Shockwave Therapies

Acoustic shock waves are high amplitude acoustic pulses that contain near-instantaneous jumps in pressure (shocks) due to nonlinear process in the medium.   In medical acoustics shock waves can be used to fragment kidney stones and other calcifications in the body, rupture soft-tissue, stimulate cell and neural responses; promote repair or growth of bone and soft tissue, and interact with exogenous agents for drug delivery.   The pressure amplitudes are typically on the order of 10-100 MPa and the shocks occurring over time scales of 10 ns or less.

Our research investigates the fundamental mechanisms of action by which shock waves interact with biological systems, and in particular the role of the higher temporal and spatial gradients associated with the shocks.   Examples include: the coupling of shock waves into stress waves inside kidney stones to result in fragmentation; how shock waves can alter the phase-state of lipid membranes to enhance fusion between lipid drug-delivery vehicles and cell membranes; the ability of shock waves to disrupt the biofilms that can harbour bacteria; and how shock-wave induced cavitation results in tissue damage.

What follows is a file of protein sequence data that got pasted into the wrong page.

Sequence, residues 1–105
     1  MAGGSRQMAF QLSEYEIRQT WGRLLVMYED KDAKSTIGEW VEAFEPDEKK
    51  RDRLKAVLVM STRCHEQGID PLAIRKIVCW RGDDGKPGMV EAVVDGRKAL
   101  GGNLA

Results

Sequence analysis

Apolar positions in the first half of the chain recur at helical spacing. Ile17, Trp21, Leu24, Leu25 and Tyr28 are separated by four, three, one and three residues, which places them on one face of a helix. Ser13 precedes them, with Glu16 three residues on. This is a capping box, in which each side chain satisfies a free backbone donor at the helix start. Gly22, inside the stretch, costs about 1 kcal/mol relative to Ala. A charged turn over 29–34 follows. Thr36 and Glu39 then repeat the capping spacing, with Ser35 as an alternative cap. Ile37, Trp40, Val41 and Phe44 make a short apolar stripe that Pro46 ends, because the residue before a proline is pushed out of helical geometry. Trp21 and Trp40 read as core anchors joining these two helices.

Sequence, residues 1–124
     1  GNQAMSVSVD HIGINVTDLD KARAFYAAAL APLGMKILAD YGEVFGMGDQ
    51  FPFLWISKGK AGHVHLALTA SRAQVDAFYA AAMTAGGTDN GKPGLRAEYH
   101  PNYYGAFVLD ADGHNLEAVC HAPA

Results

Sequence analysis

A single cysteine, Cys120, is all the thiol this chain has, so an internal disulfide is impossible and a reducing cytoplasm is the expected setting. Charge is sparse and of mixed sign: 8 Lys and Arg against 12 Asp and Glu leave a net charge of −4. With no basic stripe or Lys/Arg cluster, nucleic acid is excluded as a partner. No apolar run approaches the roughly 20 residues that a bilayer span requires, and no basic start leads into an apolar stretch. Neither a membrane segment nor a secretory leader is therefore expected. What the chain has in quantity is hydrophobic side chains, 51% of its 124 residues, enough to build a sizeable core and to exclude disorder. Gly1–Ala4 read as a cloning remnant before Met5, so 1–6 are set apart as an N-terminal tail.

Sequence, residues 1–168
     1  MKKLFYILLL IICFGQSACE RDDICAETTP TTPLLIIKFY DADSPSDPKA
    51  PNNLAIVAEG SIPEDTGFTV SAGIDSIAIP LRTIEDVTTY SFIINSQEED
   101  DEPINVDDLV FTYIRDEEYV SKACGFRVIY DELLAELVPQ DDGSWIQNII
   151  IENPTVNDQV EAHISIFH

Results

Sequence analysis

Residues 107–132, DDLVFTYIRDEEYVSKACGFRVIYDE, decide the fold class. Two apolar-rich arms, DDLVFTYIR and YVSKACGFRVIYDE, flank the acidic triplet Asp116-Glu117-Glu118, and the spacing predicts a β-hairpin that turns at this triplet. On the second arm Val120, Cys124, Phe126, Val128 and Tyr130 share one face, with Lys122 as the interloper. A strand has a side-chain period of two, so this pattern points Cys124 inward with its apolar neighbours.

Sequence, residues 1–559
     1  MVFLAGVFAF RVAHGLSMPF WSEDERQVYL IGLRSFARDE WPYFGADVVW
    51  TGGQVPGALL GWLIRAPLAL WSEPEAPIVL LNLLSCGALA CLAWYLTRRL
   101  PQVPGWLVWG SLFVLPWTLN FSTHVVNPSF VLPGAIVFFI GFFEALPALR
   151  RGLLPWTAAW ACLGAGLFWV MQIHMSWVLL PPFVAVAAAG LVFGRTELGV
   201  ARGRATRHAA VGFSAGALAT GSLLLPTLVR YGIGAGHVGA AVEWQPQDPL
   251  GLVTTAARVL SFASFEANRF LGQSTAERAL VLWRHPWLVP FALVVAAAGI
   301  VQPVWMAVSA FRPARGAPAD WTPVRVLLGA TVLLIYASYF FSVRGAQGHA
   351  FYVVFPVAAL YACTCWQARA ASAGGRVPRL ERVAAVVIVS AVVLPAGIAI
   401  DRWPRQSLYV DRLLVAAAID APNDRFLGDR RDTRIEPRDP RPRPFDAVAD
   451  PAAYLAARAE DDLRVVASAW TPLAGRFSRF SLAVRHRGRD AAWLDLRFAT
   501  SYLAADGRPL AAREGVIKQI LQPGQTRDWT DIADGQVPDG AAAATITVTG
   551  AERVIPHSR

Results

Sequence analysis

The main use of shock waves in medicine to date has been lithotripsy, in which shock waves are used to fragment kidney stones so that they can be passed naturally. However, shock waves are increasingly being considered for other applications such as treatment of soft-tissue pain (e.g. tendonitis and heel spurs), promoting repair or growth of bone, neo-vascularisation, disruption of biofilms to fight infection and wound healing. Through a combination of experimental and modelling approaches, we are keen to further understand,  explore and optimize the key shock-wave mechanisms underpinning these emerging applications to enable their clinical translation.


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Passive Acoustic Mapping: Non-invasive cavitation detection
Key researchers in Shockwave Therapies